U.S. Magdalene daughter was taken from her mother aged 18 months
Mari Steed led the fight to have justice done for Magdalene women
When Irish leader Enda Kenny last week made an abject apology on behalf of the Irish state for the mistreatment of Irish women treated like slaves in the Magdalene laundries, Pennsylvania-based Mari Steed, 53, the director of the advocacy group Justice for Magdalenes, knows all about it.
She had been torn from her mother, a Magdalene inmate and sent for adoption in America at eighteen months old.
Kenny stated “As a society, for many years we failed you,” he said in an unprecedented speech.
“We forgot you or, if we thought of you at all, we did so in untrue and offensive stereotypes.
“This is a national shame, for which I again say, I am deeply sorry and offer my full and heartfelt apologies.”
Mari’s mother, now known as Josephine Bassett, was one of the thousands of women who worked for years in the Magdalene laundries system before the last one closed in 1996. Her mother’s life, Steed says, is a kind of testament to the shadow side of Ireland and the deceitful tale it told itself of a kindly and compassionate social order.
Steed has been to the forefront revealing the injustice and last week’s apology was welcome but her work is not over.
“My mother grew up alone knowing she had siblings and a mother but never having any contact with any of them,” Steed tells the Irish Voice.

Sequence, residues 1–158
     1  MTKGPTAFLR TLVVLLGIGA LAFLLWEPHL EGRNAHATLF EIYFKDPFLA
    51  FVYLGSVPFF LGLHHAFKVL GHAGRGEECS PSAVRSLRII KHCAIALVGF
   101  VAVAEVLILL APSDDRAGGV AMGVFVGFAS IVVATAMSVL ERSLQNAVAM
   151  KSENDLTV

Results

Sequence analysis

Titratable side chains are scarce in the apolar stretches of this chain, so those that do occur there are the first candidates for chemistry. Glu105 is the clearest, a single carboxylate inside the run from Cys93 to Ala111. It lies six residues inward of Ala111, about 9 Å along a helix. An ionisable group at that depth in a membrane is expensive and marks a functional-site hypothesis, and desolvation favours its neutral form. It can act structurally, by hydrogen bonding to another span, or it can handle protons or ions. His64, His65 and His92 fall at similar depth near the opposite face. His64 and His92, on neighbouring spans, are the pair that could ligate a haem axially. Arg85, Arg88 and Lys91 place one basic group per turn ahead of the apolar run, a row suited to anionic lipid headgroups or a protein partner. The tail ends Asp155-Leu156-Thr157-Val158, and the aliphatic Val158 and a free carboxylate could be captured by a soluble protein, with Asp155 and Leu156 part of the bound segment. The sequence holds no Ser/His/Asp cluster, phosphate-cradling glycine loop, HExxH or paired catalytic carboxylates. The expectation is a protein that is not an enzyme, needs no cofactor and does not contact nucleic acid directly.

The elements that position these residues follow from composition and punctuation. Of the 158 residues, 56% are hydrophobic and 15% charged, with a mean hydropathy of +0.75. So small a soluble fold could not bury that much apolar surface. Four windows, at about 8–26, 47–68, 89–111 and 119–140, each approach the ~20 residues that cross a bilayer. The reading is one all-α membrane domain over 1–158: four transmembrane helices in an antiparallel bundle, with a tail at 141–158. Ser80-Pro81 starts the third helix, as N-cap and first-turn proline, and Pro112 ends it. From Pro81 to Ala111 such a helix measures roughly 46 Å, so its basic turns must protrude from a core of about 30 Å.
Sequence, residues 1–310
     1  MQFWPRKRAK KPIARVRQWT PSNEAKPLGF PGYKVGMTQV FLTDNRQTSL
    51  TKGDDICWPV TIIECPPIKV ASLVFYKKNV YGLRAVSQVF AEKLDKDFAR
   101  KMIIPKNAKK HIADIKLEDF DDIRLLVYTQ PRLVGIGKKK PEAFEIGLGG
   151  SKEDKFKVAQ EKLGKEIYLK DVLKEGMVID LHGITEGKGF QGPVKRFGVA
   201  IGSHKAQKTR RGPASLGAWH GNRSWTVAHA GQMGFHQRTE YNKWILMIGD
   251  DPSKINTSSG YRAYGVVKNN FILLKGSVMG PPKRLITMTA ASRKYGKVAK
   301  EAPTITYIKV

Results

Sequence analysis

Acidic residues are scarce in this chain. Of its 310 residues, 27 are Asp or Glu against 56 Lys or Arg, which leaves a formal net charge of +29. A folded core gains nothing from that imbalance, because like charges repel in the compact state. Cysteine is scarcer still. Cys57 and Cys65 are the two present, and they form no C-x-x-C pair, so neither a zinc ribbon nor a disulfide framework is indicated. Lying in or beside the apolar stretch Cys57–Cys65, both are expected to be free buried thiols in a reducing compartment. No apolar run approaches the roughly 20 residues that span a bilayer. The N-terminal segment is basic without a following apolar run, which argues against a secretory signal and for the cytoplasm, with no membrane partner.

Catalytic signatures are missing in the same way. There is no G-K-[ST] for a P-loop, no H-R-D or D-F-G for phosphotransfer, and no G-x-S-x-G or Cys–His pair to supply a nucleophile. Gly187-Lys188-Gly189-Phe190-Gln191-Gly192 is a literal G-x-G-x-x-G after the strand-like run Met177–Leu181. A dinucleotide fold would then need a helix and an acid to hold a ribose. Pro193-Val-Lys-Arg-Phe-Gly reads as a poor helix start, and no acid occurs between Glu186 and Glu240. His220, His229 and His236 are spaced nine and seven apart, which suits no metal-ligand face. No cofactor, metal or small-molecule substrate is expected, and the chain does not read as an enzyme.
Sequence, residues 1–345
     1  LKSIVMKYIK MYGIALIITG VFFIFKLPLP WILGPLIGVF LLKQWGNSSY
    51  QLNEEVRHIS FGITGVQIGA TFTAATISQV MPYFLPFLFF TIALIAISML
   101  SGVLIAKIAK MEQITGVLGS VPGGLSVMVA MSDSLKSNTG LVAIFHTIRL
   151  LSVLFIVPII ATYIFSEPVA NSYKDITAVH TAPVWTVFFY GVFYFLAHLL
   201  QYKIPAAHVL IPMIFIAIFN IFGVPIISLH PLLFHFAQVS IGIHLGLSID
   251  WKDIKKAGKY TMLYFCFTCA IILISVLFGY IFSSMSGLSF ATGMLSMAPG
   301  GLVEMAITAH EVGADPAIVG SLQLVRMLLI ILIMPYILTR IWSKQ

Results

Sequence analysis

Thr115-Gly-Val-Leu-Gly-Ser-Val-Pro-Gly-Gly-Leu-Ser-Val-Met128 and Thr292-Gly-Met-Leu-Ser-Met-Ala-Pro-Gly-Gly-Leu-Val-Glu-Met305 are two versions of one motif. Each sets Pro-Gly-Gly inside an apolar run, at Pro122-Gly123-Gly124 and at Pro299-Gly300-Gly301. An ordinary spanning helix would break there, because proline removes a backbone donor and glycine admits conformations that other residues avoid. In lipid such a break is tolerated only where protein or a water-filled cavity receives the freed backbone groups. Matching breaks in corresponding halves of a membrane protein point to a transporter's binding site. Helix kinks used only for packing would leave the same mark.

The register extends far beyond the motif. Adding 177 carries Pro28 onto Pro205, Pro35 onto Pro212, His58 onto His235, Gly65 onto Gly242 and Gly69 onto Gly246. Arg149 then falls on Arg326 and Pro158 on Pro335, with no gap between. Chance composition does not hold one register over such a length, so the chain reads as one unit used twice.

“Why weren’t there services in place that could have allowed her access to her parent and siblings? That compassion just wasn’t there.”
Born out of wedlock in the early 1930s, Steed’s mother was placed in an industrial school, a brutal and brutalizing institution that often harmed the children it purported to help.
In 1947 she was then sent to the women’s laundry of Sunday's Well in Cork City. There she spent the next 10 years of her life doing sewing for no pay.
“Her work included tasks that ran from embroidery to stitching smock dresses, from sowing items for the clergy to altering surplices and other religious materials,” Steed said.
“And obviously there was profit being made on these items, but she was never paid for that.”
Steed’s mother is now 79, lives in Swindon, England and still has immense difficulty talking about her experiences.
“She was ashamed that her family had been thrown to the four winds. It seems to be true of a lot of survivors of the laundries,” says Steed.
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